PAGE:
27.          More generally, independence of prosecutors implies that they have sufficient means and also the authority, competence and powers necessary for the proper performance of their tasks. They should in particular be consulted on the determination of the resources necessary for their mission.

28.          Appropriate training of prosecutors on the administration of their service and management of their resources should be provided, otherwise their independence could be significantly hampered.

29.          Means of subsistence, comparable to those of judges, including proper remuneration, ensuring their material independence and their protection, as well as that of the members of their families, should be guaranteed to prosecutors. Such protection should include legal and physical protection of their life, health and property, as well as honour and reputation, against any violence, attack or pressure, and provide for corresponding state insurance.

30.          The legal status of prosecutors on which their activities are based is too often unknown to the public and therefore misunderstood. Relevant information should therefore be made publicly available to avoid any misinterpretation of their role. The prosecution service should be involved in this process.

External independence and internal independence

31.          Prosecutors must be independent in their status and behaviour:

·           they must enjoy external independence, i.e. vis-à-vis undue or unlawful interference by other public or non-public authorities, e.g. political parties;


·           they must enjoy internal independence and must be able to freely carry out their functions and decide, even if the modalities of action vary from one legal system to another, according to the relationship to the hierarchy.

32.          In some legal traditions, public opinion associates public action by prosecutors with the exercise of political power, notably through Government. The case law of the ECtHR requires mutual independence between these two authorities, since its failure would ruin the legitimacy of the prosecutor's intervention in the preparatory phase and the conduct of the criminal trial, and in his/her fields of competence outside the criminal field.[10] Indeed, the prosecutor should be the guarantor of respect for the law and the defender of society; he or she must not be an instrument in the interests of any social, political and religious group, any fraction in the government or the protector of its supporters. This requirement is particularly crucial whenever the prosecutor's intervention aims at combatting organised crime or corruption, or has an impact on individual rights and freedoms, in particular deprivation of liberty.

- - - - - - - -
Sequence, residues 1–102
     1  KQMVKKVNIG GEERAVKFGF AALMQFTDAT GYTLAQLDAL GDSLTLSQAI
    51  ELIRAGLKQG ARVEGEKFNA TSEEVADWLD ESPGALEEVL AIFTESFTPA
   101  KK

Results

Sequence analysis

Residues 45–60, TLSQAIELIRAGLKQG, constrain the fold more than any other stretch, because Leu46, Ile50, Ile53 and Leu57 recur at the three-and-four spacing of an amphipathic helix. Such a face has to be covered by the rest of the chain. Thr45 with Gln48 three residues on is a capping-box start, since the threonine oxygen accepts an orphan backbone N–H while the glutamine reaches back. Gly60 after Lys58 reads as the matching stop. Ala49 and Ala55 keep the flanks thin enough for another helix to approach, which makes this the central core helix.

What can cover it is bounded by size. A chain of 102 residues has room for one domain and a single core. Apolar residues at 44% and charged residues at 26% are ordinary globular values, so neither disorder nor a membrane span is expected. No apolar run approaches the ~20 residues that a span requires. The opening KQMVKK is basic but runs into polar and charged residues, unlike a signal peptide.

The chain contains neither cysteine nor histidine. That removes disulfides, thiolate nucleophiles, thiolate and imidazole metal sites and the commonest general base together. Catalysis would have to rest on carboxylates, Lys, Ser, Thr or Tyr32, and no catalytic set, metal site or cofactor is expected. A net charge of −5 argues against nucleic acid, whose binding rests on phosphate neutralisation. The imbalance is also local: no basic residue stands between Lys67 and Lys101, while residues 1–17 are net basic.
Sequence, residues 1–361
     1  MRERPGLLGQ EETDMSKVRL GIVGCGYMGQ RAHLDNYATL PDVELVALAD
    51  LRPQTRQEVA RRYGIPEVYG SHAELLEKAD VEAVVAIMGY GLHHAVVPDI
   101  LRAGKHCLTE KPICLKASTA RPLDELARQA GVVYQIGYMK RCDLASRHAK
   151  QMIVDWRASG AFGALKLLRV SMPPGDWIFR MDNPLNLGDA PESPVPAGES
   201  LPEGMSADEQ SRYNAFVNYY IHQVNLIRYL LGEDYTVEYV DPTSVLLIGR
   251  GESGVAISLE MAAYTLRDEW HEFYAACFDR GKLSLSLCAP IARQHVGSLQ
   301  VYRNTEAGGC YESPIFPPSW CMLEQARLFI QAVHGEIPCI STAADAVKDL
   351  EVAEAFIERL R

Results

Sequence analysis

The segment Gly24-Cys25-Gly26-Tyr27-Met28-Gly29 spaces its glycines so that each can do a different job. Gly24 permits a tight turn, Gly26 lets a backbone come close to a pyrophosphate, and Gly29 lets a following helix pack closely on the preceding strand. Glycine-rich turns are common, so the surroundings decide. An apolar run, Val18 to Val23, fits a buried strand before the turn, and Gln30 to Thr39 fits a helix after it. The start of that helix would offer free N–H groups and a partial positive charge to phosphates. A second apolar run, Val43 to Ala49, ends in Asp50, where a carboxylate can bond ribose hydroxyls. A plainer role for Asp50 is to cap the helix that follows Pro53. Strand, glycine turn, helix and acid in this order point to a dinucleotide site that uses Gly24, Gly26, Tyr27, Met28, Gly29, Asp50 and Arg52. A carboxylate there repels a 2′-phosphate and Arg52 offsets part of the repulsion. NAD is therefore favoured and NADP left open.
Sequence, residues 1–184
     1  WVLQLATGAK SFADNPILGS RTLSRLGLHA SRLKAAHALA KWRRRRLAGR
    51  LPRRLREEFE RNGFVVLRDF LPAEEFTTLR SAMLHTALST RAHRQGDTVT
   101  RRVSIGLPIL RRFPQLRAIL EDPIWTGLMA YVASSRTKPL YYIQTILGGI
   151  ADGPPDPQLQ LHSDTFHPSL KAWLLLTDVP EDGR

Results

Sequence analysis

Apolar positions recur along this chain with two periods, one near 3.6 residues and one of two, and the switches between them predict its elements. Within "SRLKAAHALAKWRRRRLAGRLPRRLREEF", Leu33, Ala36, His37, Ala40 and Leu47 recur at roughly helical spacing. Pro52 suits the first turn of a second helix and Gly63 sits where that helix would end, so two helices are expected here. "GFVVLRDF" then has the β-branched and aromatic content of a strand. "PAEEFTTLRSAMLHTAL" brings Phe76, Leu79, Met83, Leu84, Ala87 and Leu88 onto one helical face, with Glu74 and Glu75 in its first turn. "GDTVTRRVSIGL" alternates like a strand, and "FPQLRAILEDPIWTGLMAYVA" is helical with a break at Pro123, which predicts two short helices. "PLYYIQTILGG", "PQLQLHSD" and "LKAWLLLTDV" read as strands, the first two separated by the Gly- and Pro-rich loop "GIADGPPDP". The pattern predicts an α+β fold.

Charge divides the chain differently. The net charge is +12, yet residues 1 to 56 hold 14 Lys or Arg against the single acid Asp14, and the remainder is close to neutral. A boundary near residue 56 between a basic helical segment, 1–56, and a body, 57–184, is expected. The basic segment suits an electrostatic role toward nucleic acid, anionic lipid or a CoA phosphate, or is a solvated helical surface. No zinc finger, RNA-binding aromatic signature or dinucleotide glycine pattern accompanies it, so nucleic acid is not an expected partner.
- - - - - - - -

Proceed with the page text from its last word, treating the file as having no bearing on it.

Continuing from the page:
33.          There is a general tendency for more independence of prosecutors and prosecution services, which is encouraged by the CCPE, although there are still no common accepted standards in this respect.


34.          Respect for external independence does not prevent the prosecution service from receiving general instructions on priorities of prosecutorial activities as they result from the law, the development of international co-operation or requirements relating to the organisation of the service.

35.          Such instructions should always be given in accordance with the law, in a fully transparent and written manner and the discussions to which they may give rise should never prejudice the personal situation of the prosecutor, including his/her career.

36.          Instructions by the executive concerning specific cases are generally undesirable. In this context, instructions not to prosecute must be prohibited and instructions to prosecute must be strictly regulated in accordance with Recommendation Rec(2000)19.[11]

37.          Courts should respect the prosecutors' independence. The intervention and the attitude of the prosecutor should leave no doubt as to his/her objectivity and impartiality. Judges and prosecutors should both enjoy independence in respect of the execution of their functions and also be and appear to be independent from each other.

38.          Prosecutors should respect the independence of the courts and the judiciary as a whole. They may challenge judges' decisions only through the remedies provided by law. Prosecutors should take all measures within their competence to protect the independence of courts.

39.          Internal independencedoes not mean that every prosecutor is free to do anything; he or she may be subject to a hierarchy whose task is to ensure, in a clear way and without prejudice to independence, the proper functioning of the prosecution service as a whole and coherence, consistency and uniformity of action in the administration of justice and protection of human rights.

40.          A hierarchical structure is a common aspect of most prosecution services. Internal independence does not prevent a hierarchical organisation of the service and the issuing of general recommendations or guidelines/directives on the application of the law to ensure consistency of law and jurisprudence or priorities for prosecutorial action. This is especially necessary in member States in which the “opportunity/discretionary principle” applies. All internal instructions within the prosecution service should be provided in writing, be transparent and aim at seeking the truth and to ensure the proper administration of justice.


41.          Lines of authority, accountability and responsibility should be transparent in order to promote public confidence.

42.          If a prosecutor receives individual instructions from his/her hierarchy which appear illegal or not in accordance with the professional code of ethics, he/she should not be compelled to comply with them and should be given the opportunity to present his/her reasons to his/her hierarchy.